But if that sounds a bit miserable, it should be said that Webster and his pals carry it all off marvellously.  He has the happy knack of his setting these tales to melodies so natural that they sound like someone must surely have written them before.
The eleven tracks here come divided almost equally between soulful slowies and funkier, more upbeat tunes – for all that the words may sound pretty bleak across the piece.
Sean Webster - sure got the blues
So on the one hand we get a plaintive ballad like ‘Wait Another Day’, with its gentle arrangement and a soulful delivery.  On the other there’s the melodic opener ‘Give Me The Truth’, with its “woah-oh-oh” vocal theme, a great blend of guitar and keys, and a tasteful guitar solo from Webster resolving neatly back into the melody.  And there’s ‘You Got To Know’, with its rolling groove and surges of organ from guest keyboard player Bob Fridzema, who adds a few trills of adornment for good measure over the pushy drum rhythm from Joel Purkess.  For once the lyric here is determined rather than desperate, the protagonist insisting on getting the girl to whom the song is addressed.  Either way, Webster’s vocals sell the story in the rasping, emotional manner of Joe Cocker.
A couple of the more downbeat outings may not really hit the mark, but down the stretch the album really hits top gear.  The brisk friends-and-lovers narrative of ‘You Can Say’ is reminiscent of Texas on a good day – although Webster sure is different from Sharleen Spiteri – and builds up to a repeated refrain before fading out.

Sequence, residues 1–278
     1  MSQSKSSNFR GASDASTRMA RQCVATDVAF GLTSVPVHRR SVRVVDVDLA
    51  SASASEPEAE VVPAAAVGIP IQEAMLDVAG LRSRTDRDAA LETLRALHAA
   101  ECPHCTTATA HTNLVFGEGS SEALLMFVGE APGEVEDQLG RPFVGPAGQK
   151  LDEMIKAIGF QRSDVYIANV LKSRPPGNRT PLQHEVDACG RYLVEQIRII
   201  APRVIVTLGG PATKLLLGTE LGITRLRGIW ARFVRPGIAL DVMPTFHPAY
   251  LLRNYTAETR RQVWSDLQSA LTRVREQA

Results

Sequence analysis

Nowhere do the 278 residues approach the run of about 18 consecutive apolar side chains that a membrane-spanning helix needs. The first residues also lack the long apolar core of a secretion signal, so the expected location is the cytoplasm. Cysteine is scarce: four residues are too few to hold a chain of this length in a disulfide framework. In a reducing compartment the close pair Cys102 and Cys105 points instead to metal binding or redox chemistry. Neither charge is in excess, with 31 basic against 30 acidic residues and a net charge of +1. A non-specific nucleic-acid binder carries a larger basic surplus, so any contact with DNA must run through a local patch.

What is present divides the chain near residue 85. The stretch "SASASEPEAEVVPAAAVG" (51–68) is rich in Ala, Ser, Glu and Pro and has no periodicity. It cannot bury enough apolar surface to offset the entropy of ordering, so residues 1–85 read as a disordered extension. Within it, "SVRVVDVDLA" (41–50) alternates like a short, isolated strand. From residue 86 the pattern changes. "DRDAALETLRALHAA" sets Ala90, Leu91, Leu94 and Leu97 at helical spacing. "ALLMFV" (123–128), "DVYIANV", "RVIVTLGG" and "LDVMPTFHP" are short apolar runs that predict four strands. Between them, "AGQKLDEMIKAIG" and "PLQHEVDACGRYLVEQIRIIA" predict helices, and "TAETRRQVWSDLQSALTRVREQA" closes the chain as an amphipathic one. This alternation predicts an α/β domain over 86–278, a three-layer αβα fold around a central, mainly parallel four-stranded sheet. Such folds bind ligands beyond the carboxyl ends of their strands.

The title track ‘Leave Your Heart At The Door’ ups the ante in the manner of a top drawer Deacon Blue ballad.  It’s a cautionary tale about the emotional upheavals that await in adulthood, fatalistic about life’s ups and downs – mostly downs – with some nice chiming guitar lines.
Which just leaves the closing double whammy of ‘I Don’t Wanna Talk About It’ and ‘Til’ The Summer Comes Around’.  The former has an insistent groove and great melody, especially on the chorus, and musically could easily be taken for a steamy booty call song.  Lyrically though, this duet with PennyLeen Krebbers has the air of a bedtime conversation in the dark between a couple where the woman has just confessed she’s met someone else.  Dark stuff it’s true, but it doesn’t half develop some rousing momentum.  Album closer ‘Til’ The Summer Comes Around’ meanwhile, is an exquisite reading of Keith Urban’s narrative of young love and estrangement, wistful in the manner of Springsteen’s ‘Sandy’, and with an excellent guitar solo to boot.  Suffice to say it became a favourite of my other half when we caught the Sean Webster Band supporting King King on their recent Netherlands tour.
If you like a bit of bluesy soulfulness, delivered with conviction and great musicianship, Leave Your Heart At Door will surely fit the bill.  Just keep the Kleenex handy.

Leave Your Heart At The Door was released on 24 February 2017.

Friday, February 17, 2017

Taking the Low Road - King King in the Netherlands, Part 3

Dateline: 12 February 2017   Venue: Luxor Live, Arnhem